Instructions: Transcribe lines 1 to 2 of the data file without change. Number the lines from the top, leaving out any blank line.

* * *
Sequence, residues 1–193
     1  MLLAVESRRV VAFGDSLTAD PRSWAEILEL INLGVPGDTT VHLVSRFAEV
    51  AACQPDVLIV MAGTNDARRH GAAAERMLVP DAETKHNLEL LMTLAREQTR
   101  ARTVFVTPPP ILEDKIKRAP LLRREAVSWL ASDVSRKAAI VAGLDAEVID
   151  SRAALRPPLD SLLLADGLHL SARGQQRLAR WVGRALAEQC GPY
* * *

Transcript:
Sequence, residues 1–193
     1  MLLAVESRRV VAFGDSLTAD PRSWAEILEL INLGVPGDTT VHLVSRFAEV